2017 has so far been, as Warren Buffett put it once, a year where a monkey throwing a dart at the stock pages would have made money. Major market benchmarks are all in the green with Dow Jones Industrial Average up 11.79%, the S&P 500 up 10.63% and the Nasdaq up a whopping 17.99%. (As of the market close on August 6th, 2017).
At some point, the average investor has to stop and ask him or herself why. Why are we this high? What's driving this market rally? Is it something real or is a good dose of "hopium" involved? Is it time to take profit or buy more?
The answer to these questions can be reviewed in 3 parts:
The first: Earnings
After an ugly global growth slowdown in 2015 and 2016, earnings have got back on track.
In Q1 2016, earnings took a nosedive of 6.6%, followed by a 2.9% dive in Q2 2016. Q3 2016 returned positive (with favorable comparisons) to 4% growth and 2016 finished with a 7.4% earnings boost for Q4 2016.
2017's first quarter clocked 13.4% growth and with roughly 85% of the S&P 500 companies reported so far. For Q2 2017, we are standing at an impressive 11.6% growth, although to be fair, it was an uneven comparison to Q2 2016.
Revenues too are picking up. In Q2 2017, revenues rose 5.6% on a YoY basis.
(S&P 500 earnings data as summarized by Zacks Investment Research: Q2 Earnings Season Brings All Around Strength)
Nonetheless, global growth seems to have got back on track and Price/Earnings ratios seems to satisfy investors thus far. Although estimates for Q3 2017 have been trending downwards, they remain positive at 4.3%, providing an uplifting view on what's to come.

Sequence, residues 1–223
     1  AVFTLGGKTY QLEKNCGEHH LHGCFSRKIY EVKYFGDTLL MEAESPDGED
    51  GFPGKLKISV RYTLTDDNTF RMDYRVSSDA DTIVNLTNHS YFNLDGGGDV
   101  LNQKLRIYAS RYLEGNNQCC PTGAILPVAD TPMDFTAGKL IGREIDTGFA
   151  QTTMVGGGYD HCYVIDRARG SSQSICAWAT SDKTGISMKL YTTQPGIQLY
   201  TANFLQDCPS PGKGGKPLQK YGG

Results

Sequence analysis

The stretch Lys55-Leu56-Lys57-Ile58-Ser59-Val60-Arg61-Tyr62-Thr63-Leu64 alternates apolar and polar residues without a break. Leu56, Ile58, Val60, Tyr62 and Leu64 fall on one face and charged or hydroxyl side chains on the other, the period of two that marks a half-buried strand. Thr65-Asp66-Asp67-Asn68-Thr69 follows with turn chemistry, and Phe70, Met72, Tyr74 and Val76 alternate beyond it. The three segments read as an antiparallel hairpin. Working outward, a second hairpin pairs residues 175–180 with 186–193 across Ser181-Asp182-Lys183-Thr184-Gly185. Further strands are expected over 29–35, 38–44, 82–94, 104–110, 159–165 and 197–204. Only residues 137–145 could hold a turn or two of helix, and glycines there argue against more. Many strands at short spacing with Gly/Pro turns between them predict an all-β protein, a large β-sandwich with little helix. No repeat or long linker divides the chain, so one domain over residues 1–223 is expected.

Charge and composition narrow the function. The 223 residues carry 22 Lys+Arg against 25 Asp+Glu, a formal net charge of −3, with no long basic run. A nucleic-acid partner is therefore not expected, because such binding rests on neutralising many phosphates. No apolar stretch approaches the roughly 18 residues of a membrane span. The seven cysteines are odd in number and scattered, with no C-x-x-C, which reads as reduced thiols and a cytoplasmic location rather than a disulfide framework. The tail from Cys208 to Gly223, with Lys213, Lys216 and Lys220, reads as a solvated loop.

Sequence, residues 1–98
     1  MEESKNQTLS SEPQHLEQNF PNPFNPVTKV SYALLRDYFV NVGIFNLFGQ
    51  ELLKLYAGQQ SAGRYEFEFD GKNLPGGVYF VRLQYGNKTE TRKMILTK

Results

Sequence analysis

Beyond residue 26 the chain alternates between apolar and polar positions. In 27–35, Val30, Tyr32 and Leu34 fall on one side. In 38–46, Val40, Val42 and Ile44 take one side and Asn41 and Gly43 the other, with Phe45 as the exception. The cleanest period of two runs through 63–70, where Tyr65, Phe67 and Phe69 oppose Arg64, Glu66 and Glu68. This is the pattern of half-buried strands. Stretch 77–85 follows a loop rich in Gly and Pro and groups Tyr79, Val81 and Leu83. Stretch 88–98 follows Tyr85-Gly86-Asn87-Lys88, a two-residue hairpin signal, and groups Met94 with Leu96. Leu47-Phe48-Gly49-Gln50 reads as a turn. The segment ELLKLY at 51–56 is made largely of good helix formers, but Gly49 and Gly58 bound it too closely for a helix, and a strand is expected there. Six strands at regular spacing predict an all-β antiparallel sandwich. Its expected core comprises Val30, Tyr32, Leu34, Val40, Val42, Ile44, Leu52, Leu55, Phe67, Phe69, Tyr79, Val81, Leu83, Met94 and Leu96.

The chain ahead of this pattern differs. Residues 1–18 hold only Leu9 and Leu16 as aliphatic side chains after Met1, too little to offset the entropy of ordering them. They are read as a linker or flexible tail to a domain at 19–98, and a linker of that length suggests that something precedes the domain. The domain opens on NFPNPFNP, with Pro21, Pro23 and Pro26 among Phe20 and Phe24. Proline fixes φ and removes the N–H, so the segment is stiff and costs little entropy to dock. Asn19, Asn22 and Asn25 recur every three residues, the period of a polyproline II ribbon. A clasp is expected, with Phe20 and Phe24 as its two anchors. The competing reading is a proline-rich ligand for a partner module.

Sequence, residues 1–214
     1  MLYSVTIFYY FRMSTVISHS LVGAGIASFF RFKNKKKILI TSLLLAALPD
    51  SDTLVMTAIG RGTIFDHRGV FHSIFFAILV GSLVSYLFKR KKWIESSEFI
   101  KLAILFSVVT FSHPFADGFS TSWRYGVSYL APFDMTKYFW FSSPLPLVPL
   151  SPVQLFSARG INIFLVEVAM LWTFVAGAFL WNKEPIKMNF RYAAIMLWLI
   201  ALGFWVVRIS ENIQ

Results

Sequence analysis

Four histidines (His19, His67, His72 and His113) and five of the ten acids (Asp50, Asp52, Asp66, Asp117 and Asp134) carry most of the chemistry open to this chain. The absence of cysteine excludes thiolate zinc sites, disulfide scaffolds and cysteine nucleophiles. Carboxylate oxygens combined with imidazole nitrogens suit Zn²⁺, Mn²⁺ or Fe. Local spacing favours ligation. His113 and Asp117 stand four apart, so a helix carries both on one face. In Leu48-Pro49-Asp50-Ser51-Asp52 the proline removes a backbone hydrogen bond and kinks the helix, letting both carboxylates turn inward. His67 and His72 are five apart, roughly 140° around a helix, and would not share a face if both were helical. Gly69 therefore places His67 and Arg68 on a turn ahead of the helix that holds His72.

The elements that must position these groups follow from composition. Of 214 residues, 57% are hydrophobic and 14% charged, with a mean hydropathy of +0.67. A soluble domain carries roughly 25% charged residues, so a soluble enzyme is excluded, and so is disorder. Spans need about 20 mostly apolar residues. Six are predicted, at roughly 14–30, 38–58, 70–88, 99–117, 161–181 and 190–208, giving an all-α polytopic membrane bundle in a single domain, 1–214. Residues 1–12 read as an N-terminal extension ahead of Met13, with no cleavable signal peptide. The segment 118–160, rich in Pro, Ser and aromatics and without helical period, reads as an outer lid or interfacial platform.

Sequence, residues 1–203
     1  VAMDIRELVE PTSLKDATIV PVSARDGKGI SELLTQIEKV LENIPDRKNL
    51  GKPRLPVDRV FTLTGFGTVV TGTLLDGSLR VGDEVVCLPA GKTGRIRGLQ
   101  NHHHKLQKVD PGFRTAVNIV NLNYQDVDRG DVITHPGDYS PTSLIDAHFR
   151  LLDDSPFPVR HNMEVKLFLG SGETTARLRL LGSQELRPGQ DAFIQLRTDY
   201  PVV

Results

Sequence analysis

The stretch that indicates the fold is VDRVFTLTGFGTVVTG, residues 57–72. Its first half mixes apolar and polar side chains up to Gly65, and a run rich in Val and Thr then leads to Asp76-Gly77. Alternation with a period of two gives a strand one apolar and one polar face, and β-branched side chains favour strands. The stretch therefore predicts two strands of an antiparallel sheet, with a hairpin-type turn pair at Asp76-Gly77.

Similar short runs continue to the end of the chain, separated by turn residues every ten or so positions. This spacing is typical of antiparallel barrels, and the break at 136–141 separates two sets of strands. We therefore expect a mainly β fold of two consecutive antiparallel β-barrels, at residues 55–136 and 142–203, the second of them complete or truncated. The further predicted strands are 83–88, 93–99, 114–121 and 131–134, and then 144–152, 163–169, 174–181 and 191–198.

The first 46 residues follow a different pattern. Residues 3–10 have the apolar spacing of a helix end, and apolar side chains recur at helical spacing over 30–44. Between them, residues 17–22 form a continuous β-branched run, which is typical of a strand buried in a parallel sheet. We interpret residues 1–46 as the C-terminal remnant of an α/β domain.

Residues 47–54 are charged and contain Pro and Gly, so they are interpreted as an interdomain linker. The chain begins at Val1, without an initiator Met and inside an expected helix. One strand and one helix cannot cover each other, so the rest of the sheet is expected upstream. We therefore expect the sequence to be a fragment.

The recent boost in earnings and higher sales across the board has given investors new hope for higher prices. Blue chip and mid cap stocks have seen solid inflows from retail and institutional investors throughout the year.
When it comes to the justification of current market prices, we believe this is the single largest contributor. Even though price impact of earnings reports has been unfavorable in the current quarter, higher profits and encouraged investors have brought the benchmark indexes into solid territories.
The Second: Monetary Policy
In December 2016, the Federal Reserve announced its first tightening of the Federal Funds Rate from 0.00-0.25 to 0.25-0.50 and have proceeded with 3 further rate increase throughout 2016 & 2017.
This tightening has had a positive earnings impact on Financial Services companies who have seen their Net Interest Margin shrink considerably in the past 10 years since the Global Financial Crisis of 2008 with rates at 0%.
On the flip side, however, is the rise in Interest Expense that (almost) all companies pay on their debt. Over the past 10 years with the continued low-interest rates, corporations, whether needing it or not, have taken on a considerable amount of debt. The example we always use is Apple Inc (AAPL) which reported $0 in debt throughout 2012 and is now holding over $100B, all used to fund its shareholder value dividend and share repurchase program.